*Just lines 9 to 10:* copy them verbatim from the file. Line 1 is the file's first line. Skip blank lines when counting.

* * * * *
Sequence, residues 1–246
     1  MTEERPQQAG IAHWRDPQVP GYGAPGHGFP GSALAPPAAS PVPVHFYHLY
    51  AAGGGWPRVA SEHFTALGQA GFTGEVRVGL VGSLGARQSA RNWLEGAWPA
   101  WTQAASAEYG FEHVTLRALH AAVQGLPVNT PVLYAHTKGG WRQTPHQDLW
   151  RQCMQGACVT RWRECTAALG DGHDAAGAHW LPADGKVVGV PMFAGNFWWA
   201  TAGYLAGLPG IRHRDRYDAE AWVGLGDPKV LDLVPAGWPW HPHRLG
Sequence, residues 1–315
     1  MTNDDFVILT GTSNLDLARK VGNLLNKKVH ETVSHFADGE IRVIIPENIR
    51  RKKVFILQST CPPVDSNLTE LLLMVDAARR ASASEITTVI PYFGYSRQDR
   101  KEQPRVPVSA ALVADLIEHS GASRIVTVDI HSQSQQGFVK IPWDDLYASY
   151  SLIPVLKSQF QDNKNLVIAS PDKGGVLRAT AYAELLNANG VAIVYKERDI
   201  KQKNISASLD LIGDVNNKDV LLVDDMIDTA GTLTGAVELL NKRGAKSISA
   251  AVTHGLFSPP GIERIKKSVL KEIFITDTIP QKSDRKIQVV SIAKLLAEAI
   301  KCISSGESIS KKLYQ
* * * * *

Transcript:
    51  RKKVFILQST CPPVDSNLTE LLLMVDAARR ASASEITTVI PYFGYSRQDR
   101  KEQPRVPVSA ALVADLIEHS GASRIVTVDI HSQSQQGFVK IPWDDLYASY